Episcopal Church Leads the Way in Ethical Investing

Episcopal News Service. November 18, 1992 [92236]

Susan Pierce

When Episcopal Church Presiding Bishop John Hines appeared before a General Motors Corporation (GM) annual meeting in 1971 to present a shareholder resolution filed by the church requesting that GM stop doing business with South Africa, GM executives were shocked. This was not a wild-eyed radical -- this was an Episcopal bishop from a denomination in which many of them were members. It was the last place from which corporate America expected to be challenged about its business ethics.

Hines's prophetic voice challenged old assumptions in the corporate world by asserting the church's rights as a part owner of a corporation. His leadership gave birth to the socially responsible investment (SRI) movement. Since then, the SRI movement has grown into a powerful ecumenical chorus of religious groups using their power as corporate shareholders to make companies accountable for their actions and address social justice concerns.

Episcopal Church provides initial leadership

"Without the Episcopal Church's initial leadership, there would be no socially responsible investment movement," said Timothy Smith, executive director of the Interfaith Center for Corporate Responsibility (ICCR) in New York City. ICCR, founded the same year that Hines challenged GM, gathers information on corporate practices, analyzes investment portfolios and coordinates the filing of thousands of shareholder resolutions, dialogues and campaigns on issues ranging from South Africa to nuclear weapons manufacturing, and from equal employment opportunities to environmental protection. The organization was started by the Episcopal Church and a halfdozen other Protestant denominations, as a coalition of church shareholders. Smith has been part of the organization from the start.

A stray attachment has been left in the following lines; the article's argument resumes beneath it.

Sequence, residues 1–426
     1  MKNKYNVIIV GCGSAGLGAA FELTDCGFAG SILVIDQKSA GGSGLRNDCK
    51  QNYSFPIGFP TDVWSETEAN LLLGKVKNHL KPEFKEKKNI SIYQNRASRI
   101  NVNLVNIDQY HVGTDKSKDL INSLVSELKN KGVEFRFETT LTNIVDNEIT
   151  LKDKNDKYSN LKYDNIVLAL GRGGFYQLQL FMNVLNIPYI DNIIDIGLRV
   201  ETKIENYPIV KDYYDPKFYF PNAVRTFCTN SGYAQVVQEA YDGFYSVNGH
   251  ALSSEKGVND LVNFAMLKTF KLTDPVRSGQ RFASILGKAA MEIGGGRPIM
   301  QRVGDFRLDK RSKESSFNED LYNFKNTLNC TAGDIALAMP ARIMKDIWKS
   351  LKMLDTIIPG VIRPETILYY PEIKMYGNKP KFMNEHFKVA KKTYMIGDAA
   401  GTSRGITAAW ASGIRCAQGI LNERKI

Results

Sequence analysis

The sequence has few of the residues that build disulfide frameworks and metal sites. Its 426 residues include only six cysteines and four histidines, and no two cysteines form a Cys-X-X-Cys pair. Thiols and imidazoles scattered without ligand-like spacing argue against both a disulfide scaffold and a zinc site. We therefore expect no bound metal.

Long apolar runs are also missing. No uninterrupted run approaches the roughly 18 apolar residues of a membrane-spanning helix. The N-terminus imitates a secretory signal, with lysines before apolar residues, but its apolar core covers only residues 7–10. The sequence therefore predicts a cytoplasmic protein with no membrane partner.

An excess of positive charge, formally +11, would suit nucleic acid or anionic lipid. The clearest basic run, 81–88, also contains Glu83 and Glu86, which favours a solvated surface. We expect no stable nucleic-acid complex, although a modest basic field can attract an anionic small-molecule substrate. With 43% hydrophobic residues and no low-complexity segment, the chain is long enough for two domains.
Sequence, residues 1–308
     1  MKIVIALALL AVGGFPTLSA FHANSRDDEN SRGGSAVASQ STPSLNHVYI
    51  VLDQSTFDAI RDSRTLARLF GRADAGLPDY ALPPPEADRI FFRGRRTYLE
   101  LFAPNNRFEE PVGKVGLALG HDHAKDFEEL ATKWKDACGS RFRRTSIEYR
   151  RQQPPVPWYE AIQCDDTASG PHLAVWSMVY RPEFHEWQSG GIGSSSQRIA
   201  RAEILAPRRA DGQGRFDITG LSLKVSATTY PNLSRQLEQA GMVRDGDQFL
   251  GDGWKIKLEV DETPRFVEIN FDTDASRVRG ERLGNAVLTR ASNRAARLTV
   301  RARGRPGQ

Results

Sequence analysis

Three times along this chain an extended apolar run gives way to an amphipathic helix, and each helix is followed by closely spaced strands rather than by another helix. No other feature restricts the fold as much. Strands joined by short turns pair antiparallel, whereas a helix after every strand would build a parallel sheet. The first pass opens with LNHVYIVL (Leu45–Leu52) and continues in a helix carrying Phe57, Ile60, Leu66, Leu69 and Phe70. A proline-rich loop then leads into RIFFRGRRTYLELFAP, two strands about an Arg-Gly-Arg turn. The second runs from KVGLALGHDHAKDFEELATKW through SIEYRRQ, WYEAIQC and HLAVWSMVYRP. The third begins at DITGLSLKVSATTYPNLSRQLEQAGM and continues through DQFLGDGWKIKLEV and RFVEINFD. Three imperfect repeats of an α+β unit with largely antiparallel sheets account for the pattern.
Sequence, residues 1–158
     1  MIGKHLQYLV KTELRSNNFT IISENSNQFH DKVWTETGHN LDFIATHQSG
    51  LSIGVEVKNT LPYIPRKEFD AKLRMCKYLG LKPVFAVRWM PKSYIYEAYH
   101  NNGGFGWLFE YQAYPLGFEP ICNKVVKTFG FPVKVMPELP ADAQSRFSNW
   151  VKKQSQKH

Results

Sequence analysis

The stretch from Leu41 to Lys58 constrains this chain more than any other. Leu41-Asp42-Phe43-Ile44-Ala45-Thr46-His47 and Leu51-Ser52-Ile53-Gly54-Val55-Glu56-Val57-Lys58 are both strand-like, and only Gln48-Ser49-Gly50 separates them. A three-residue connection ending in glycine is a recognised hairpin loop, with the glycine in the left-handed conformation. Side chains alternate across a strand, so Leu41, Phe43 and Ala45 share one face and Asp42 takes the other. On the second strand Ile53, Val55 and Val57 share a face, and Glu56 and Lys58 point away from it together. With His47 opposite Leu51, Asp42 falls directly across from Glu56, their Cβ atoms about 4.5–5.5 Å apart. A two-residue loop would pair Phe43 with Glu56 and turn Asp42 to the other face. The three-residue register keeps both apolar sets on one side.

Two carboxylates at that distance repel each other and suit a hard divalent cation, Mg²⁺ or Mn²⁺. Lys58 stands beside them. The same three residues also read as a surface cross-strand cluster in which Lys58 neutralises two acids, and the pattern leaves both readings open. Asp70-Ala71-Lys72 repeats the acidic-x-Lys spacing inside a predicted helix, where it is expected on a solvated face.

Before the founding of ICCR, the Episcopal Church and a few others were the SRI movement, according to Smith. "In the early 1970s, it was a lonely voice in the corporate arena," he said. That lonely voice has a lot of company now. Smith noted that in two decades ICCR has grown to 250 Protestant church bodies and Roman Catholic orders and dioceses, with combined investments of $35 billion.

Episcopal Church is a model

As part of ICCR, the Episcopal Church led the way in the hard-fought but generally successful campaign to end corporate support for apartheid in South Africa over the last 20 years.

The campaign is emblematic of the church's perseverance and effectiveness as a moral leader, Smith said. "The Episcopal Church has served as a model. It is not just doing what's responsible and right. Its witness has a measurable impact on society," he said, noting that the campaign resulted in the withdrawal from South Africa by GM, IBM and scores of other U.S. corporations. These massive divestitures, plus other economic sanctions, are widely credited as a chief factor in the demise of the apartheid system in that country.

Many leaders of the anti-apartheid movement agree. At a banquet for ICCR's 20th anniversary held last November in New York City, Archbishop Desmond Tutu of South Africa voiced his appreciation for the churches whose involvement in ICCR helped end the apartheid system in his country. "We owe you an enormous debt of gratitude," Tutu told the 400 guests at the banquet.

Competence created trust

The success of the SRI movement within and outside the church is due, in large part, to the professional expertise of those Episcopalians involved in the movement, according to the Rev. Brian Grieves, the Episcopal Church's peace and justice officer, who is responsible for coordinating the church's socially responsible and alternative investment efforts.

"The competence of the Executive Council SRI committee created trust," Grieves said. "Because of this competence, and its care and cajoling, the Executive Council felt it was getting thoughtful, professional and sound proposals on investing the church's money in nontraditional ways."